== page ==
Many shorefront communities are determined to rebuild after superstorm Sandy. But residents of Staten Island’s Oakwood Beach want to pick up and leave instead.
Homeowners in a four-block portion there are pushing for a federal buyout of their homes. Out of 165 homes in the area, which dates to the 1920s, owners of 106 have signed a petition in favor of a buyout.
"Nobody wants to stay," said Carlos Villalobos, a 63-year-old mailman and Oakwood Beach resident of 15 years. Damage from the Oct. 29 storm remained visible Thursday, with debris still lining the streets and homes shifted off their foundations. "It’s going to happen again. The place is a ghost town."
The neighborhood’s initiative highlights a question that has lingered in the storm’s aftermath: whether coastal communities rocked by Sandy should rebuild at all. The idea of buyouts has recently gained support from state and federal officials. Gov. Andrew Cuomo, in his state of the state address this week, proposed a home-buyout program but didn’t specify how it would work.
"I’ve talked to homeowners who have dealt with serious floods three, four, five times over the past few years," the governor said. "Many of them are saying "I don’t want to have to do it again."
Rep. Michael Grimm, a Republican from Staten Island, said various communities on the shore such as Midland Beach and Tottenville have expressed interest in getting buyouts. But Oakwood Beach is perhaps the best candidate because of its location. Under such programs, the land can’t be developed again.
"Literally, it is just surrounded by marshland," he said, referring to the Bluebelt, or Staten Island’s storm-water drainage system, which borders many Oakwood homes. "When you look on a map, you realize instantly this is not an area where people should have been living," he said.
Residents of the community are trying to gain support from local officials for a program paid for mostly by the Federal Emergency Management Agency and run by the state. But state officials can’t act until municipalities make the request, a spokesman for the state Division of Homeland Security and Emergency Services said.
New York City has never participated in the program, but after Tropical Storm Irene in 2011, about 80 other New York state communities requested that more than 950 properties be acquired, according to the state homeland security division. FEMA covers 75% of the buyouts while the state covers 25%.
The upstate town of Jay, located roughly half an hour from Lake Placid, expects to demolish 19 homes that suffered damage from Hurricane Irene under the program by spring.
"It’s a trying decision for the municipality," said Randy Douglas, town supervisor and chairman of the Essex County board of supervisors. "We’re losing tax base. You worry about losing identity." But he added, "We couldn’t continue to put people in harm’s way."
The program’s history shows that not everyone who signs up to get their home bought out finds it easy to follow through. After a devastating 2010 flood in Nashville, the city received interest from 244 homes deemed eligible for a FEMA buyout, which is voluntary
But 41 homes ended up withdrawing, said Sonia Harvat, spokeswoman for Metro Water Services, the city’s water utility. Some said they had anticipated receiving more money while others decided they had fixed up their homes to the point that they’d stay, she said.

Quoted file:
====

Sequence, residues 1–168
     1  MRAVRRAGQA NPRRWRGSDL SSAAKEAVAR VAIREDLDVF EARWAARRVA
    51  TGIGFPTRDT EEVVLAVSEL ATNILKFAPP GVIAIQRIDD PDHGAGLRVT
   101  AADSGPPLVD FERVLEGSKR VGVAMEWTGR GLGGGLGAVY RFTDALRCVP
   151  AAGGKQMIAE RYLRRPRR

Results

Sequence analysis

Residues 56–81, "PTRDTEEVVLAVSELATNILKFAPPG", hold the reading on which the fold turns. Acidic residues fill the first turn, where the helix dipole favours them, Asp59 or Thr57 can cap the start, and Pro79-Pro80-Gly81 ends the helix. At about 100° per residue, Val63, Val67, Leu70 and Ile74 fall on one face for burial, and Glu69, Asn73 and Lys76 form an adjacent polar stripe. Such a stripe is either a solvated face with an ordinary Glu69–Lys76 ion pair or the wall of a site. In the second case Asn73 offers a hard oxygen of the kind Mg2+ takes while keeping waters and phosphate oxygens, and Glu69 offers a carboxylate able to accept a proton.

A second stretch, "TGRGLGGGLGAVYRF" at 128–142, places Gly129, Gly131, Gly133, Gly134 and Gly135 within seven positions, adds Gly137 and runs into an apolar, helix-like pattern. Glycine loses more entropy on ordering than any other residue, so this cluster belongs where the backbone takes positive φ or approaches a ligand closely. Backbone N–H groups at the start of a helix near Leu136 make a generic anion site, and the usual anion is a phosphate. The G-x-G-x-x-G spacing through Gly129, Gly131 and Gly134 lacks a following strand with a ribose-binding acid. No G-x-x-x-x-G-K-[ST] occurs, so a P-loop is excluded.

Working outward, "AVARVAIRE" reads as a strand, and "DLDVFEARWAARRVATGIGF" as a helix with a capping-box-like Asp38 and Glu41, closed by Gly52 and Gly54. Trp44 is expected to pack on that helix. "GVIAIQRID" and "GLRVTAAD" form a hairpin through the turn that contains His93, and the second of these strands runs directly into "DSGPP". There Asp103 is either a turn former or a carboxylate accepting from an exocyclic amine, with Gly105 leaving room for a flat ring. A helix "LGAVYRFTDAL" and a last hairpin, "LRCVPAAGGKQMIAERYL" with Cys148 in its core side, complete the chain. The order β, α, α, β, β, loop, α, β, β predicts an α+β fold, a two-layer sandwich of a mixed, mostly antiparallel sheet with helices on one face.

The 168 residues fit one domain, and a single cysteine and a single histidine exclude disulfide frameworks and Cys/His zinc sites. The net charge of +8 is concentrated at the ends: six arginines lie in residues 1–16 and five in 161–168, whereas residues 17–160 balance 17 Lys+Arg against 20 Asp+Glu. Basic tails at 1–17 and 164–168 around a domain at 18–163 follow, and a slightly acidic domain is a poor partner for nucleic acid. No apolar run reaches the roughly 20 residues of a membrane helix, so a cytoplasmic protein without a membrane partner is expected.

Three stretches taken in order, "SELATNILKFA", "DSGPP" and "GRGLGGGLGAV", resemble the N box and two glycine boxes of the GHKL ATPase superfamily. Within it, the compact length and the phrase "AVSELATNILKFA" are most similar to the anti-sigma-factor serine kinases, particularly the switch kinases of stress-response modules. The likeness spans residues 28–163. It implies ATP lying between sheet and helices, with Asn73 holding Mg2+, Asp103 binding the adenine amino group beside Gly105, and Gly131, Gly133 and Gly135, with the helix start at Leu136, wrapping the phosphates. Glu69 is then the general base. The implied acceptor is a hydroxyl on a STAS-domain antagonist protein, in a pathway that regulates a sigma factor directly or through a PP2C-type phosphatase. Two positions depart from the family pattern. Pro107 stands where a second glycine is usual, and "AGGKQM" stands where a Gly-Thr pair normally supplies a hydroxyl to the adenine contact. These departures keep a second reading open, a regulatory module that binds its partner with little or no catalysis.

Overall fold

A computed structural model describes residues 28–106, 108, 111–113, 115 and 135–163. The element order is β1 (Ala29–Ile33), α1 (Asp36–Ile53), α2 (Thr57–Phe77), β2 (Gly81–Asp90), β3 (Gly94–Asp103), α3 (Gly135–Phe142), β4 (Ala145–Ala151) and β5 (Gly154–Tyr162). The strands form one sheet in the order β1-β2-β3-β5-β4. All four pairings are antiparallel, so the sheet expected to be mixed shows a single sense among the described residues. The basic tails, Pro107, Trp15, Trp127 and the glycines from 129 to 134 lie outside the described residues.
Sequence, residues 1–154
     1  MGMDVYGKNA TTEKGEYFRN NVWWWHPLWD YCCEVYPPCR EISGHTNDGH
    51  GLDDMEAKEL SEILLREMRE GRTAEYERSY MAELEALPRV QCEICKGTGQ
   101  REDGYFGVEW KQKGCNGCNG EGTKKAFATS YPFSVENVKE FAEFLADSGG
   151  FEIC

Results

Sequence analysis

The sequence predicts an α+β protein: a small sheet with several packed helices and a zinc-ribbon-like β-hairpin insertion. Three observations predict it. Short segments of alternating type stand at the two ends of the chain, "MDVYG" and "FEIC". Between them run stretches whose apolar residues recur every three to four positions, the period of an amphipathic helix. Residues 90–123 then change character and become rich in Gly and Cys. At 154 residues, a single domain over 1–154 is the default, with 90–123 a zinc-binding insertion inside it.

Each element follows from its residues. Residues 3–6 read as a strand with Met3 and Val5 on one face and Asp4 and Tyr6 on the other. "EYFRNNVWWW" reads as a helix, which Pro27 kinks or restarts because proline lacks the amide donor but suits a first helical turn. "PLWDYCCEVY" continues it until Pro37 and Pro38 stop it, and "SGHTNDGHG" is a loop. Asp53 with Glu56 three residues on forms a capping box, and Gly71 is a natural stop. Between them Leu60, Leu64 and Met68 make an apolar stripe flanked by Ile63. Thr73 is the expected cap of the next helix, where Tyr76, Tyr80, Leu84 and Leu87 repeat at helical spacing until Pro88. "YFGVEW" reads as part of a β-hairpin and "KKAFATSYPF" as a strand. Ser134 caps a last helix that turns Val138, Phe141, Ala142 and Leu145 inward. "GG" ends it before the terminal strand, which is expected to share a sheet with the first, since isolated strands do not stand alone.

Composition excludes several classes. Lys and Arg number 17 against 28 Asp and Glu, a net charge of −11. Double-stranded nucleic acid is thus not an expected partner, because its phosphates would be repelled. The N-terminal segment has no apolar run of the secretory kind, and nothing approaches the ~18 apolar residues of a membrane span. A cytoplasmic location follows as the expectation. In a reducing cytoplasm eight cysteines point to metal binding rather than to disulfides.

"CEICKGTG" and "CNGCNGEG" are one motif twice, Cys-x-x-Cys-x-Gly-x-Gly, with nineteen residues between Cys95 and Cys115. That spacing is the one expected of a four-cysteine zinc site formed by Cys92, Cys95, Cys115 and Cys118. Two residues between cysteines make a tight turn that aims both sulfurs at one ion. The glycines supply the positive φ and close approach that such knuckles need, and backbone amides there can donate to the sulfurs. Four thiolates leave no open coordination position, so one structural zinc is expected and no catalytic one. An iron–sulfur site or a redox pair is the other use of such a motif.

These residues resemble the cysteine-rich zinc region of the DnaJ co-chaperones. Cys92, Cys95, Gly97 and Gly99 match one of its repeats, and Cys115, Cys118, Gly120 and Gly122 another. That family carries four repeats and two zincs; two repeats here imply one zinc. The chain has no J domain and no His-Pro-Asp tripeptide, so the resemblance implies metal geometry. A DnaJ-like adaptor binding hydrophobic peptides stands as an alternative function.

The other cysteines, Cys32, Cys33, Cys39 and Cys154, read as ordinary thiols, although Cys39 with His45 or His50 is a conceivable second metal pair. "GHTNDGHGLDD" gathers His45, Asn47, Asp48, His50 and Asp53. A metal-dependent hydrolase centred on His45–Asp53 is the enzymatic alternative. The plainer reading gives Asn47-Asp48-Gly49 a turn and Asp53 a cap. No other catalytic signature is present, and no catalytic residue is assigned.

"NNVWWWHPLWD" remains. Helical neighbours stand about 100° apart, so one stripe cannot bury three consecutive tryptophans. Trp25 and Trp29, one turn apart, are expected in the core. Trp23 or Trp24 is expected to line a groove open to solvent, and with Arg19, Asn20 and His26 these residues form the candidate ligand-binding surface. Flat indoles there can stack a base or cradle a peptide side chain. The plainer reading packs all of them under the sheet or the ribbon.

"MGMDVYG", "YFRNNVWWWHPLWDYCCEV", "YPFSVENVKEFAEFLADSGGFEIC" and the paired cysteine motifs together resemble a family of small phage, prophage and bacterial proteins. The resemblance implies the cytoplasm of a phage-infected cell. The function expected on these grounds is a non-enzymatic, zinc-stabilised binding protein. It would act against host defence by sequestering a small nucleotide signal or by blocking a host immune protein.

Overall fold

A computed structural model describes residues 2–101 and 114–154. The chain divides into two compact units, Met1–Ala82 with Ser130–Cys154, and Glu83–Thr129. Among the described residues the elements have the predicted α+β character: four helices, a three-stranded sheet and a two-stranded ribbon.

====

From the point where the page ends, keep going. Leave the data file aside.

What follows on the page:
The buyouts, she said, aren’t a cure-all. “We really stressed that these property acquisitions and buyout programs would not make them whole again,” she said. But “some of these property owners were elderly,” she added. “It’s very difficult after an event like the one we had to put your home on the market. This gives them the opportunity to not deal with that type of stress.”
In New York City, talks of buyouts are preliminary. At an Oakwood Beach community meeting Thursday, members of the committee in favor of buyouts cautioned the process could take longer than a year. They also expressed concern about getting Mayor Michael Bloomberg’s support.
"We know that he’s shown himself as being disconnected to the community," said Joe Tirone, a 55-year-old real-estate broker. He cited the mayor’s initial decision to press ahead with the New York City Marathon despite the devastation on Staten Island.
Lauren Passalacqua, a spokeswoman for Mr. Bloomberg, said in a statement, “The mayor is committed to working with each community on plans to help them recover and rebuild stronger and more resilient to future climate events.”
She added, “While it’s too early to know if a buyout option makes sense in certain cases, we’ll certainly consider it for those interested.”
Several residents said they were making basic repairs but holding off on major rebuilding in hopes of a buyout. The area remains largely desolate, with most residents living elsewhere. One house had a spray-painted message to deter looters: “House now booby trapped. Welcome.”
The decision to leave won’t be easy. Many homeowners have lived in Oakwood Beach for decades. The neighborhood was a summer retreat for residents until the 1950s, when people started to settle permanently, committee members said.
"I’m a displaced person," said Joseph Szczesny, whose family has owned a home on Fox Beach Avenue, one of the streets where buyouts are being proposed, since 1956. "My heart and my roots are here."
His house is littered with chunks of insulation, and Sandy buckled its floors. He said he rebuilt after a powerful storm in 1992. “I’ve been through it once,” he said. “This is my second time. I can’t do it again.”
A version of this article appeared January 12, 2013, on page A15 in the U.S. edition of The Wall Street Journal, with the headline: Sandy Spurs Call To Buy Up Homes.